Ann Patchett’s essays unfold her warmth, generosity, and humor

Novelist Ann Patchett’s essay collection “These Precious Days” reveals the centrality of books, family, friendship, and compassion to her life.

Harper Collins

“These Precious Days,” Ann Patchett’s generous new collection of essays, nearly all of which were previously published in periodicals, offers a burst of warm positivity. Like her first collection, “This Is the Story of a Happy Marriage” (2013), this appealing mix of the personal and the professional highlights the centrality of books, family, friendship, and compassion in Patchett’s life.

At the heart of “These Precious Days” is the title essay, a tribute to a woman Patchett befriended in what turned out to be the last years of the woman’s life. Patchett, who memorialized her difficult, intense friendship with fellow writer Lucy Grealy in “Truth & Beauty” (2004), has an easier time celebrating her less complicated, serendipitous relationship with Sooki Raphael, Tom Hanks’ longtime personal assistant.  

Patchett’s essays often carry life lessons. What she learns from Sooki is to remember to treasure and pay attention to every precious moment. Another lesson here is about the deep gratification of extending oneself. That’s what Patchett did when she opened her Nashville home to Sooki so her new friend could participate in a medical trial not then available in her home state of California. Patchett, a born nurturer, writes that even though she barely knew Sooki at that point, “there have been few moments in my life when I have felt so certain: I was supposed to help.” 

Sooki turns out to be an ideal houseguest – self-sufficient, tidy, quiet, thoughtful. When the pandemic hits, they go into lockdown together with Patchett’s husband, Karl VanDevender, a doctor who helped arrange for Sooki’s enrollment in the trial. Patchett spends her days writing or packing books to ship from her closed bookstore. Between treatments, Sooki finally gets to devote herself to her passion: painting. The two women practice yoga and cook vegetarian meals together. “Most of the writers and artists I know were made for sheltering in place,” Patchett writes. “The world asks us to engage, and for the most part we can, but given the choice, we’d rather stay home.”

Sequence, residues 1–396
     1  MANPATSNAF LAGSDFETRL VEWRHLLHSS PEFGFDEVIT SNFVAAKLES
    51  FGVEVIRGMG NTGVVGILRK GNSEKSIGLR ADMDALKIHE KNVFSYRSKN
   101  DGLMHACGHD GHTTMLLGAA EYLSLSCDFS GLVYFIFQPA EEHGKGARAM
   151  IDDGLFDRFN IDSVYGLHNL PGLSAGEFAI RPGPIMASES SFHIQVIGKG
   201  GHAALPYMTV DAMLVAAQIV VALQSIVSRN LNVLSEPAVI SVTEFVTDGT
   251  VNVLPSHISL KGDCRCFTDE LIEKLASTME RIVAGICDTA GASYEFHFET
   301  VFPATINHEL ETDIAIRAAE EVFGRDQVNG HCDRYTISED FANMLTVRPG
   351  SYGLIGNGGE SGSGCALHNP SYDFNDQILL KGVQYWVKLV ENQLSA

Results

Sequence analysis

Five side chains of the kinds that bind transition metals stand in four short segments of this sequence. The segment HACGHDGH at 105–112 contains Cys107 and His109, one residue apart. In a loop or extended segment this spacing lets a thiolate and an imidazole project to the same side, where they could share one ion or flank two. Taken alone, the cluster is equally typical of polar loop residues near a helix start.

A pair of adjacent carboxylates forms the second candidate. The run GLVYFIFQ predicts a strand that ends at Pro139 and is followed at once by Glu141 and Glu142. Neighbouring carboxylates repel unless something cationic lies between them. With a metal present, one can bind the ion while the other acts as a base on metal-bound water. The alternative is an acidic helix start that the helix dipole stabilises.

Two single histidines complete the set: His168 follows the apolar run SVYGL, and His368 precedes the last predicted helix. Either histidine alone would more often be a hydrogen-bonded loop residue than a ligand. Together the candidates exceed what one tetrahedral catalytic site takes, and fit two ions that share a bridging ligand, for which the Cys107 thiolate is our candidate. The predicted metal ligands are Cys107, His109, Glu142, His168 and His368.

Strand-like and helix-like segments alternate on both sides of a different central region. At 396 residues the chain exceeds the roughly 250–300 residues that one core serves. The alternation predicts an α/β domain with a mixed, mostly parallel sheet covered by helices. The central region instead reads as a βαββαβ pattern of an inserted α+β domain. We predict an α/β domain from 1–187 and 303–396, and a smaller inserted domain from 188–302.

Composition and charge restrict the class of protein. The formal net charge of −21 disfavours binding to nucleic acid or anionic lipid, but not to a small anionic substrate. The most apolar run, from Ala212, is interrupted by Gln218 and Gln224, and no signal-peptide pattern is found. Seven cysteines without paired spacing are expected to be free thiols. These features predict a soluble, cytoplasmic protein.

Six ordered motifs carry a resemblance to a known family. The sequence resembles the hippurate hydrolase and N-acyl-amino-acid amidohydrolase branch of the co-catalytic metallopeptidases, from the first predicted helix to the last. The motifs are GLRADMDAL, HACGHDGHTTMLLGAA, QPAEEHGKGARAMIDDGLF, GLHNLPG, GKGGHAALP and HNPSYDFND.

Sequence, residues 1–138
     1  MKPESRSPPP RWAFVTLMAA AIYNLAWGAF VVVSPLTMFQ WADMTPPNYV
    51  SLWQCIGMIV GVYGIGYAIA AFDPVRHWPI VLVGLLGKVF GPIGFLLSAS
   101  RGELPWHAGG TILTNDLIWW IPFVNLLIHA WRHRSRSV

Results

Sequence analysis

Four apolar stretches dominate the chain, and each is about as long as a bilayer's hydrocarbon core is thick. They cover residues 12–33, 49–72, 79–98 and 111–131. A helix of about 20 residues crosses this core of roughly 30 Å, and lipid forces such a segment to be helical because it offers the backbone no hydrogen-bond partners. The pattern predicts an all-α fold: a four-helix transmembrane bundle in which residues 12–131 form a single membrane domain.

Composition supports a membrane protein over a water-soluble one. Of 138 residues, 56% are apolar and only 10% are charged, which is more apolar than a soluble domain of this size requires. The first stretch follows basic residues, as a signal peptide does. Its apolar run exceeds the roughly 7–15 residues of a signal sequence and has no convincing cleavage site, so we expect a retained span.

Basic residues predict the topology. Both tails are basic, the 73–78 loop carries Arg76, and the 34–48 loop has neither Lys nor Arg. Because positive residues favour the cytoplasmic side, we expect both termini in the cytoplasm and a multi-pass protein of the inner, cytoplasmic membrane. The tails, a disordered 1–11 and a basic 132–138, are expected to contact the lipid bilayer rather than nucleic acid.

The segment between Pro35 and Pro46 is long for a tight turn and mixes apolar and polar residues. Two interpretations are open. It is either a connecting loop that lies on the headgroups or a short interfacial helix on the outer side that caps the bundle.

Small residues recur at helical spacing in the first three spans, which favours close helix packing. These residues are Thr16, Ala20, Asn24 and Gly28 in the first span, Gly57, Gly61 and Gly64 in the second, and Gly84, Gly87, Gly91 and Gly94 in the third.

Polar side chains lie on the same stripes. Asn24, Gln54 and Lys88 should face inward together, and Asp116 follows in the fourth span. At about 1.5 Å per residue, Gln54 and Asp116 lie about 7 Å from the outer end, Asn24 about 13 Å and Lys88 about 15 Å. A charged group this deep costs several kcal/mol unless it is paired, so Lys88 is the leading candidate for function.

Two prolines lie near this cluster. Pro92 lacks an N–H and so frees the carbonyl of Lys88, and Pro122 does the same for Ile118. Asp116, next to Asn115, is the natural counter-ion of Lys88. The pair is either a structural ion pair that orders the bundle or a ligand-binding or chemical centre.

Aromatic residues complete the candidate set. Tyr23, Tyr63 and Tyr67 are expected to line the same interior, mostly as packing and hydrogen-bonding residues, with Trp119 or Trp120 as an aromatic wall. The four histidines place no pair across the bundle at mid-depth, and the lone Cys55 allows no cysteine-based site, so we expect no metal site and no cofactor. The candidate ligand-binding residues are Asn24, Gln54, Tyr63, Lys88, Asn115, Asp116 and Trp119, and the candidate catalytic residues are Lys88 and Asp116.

When it’s time for Sooki to fly back to her family in Los Angeles, Patchett is reminded of heart-wrenching separations from her divorced father at the end of each summer’s weeklong visit. “As it turned out,” she writes, “Sooki and I needed the same thing: to find someone who could see us as our best and most complete selves. Astonishing to come across such a friend at this point in life. At any point in life.” 

“These Precious Days” isn’t the only essay that evoked tears. In several pieces, Patchett writes movingly of her father, a Los Angeles police detective who disapproved of her single-minded determination to become a writer. But her father’s skepticism gave her an unexpected gift: “Without ever meaning to, my father taught me at a very early age to give up on the idea of approval.” She proceeded with her dream, although she tried not to offend his moral sensibilities. “I found plenty of things to write about that weren’t smoking or swearing or sex.” She goes on to write, “With the extra time and energy they had, my characters went out and saw the world.”

Throughout the essays, Patchett seeks the essential: “I could watch myself grappling with the same themes in my writing and in my life: what I needed, whom I loved, what I could let go, and how much energy the letting go would take,” she writes. “Again and again, I was asking what mattered most in this precarious and precious life.” 

In addition to her father, Patchett celebrates her two stepfathers and her husband and his lifelong love of flying. She writes about the relief of reining in materialism by paring down and not shopping: “If you stop thinking about what you might want, it’s a whole lot easier to see what other people don’t have.” 

Discussing her profession, Patchett quips, “Flexibility was what writers got instead of health insurance,” and “The price of living with a writer was that eventually she would write about you.” In “Three Fathers,” she confesses to arranging for the group photograph that will eventually accompany her triple-tribute after all three dads have died. In “Cover Stories,” she doesn’t mince words about her disappointment with her early book jackets, and points out that, ironically, the adage “Never judge a book by its cover … doesn’t apply to actual books. … Covers are what we have to go on.” On the cover of this book, Sooki’s colorful portrait of Patchett’s dog, Sparky, is a clear winner. 

So, too, is Patchett. Is she too good to be believed? Lucy Grealy accused her of a sainthood complex. True, this is a person who feels shame at owning seven mixing bowls. But in an essay about her intentional childlessness, she shows clear annoyance at people’s thoughtless comments.

Bottom line: Patchett is a person you want to spend time with – on the page or in person.

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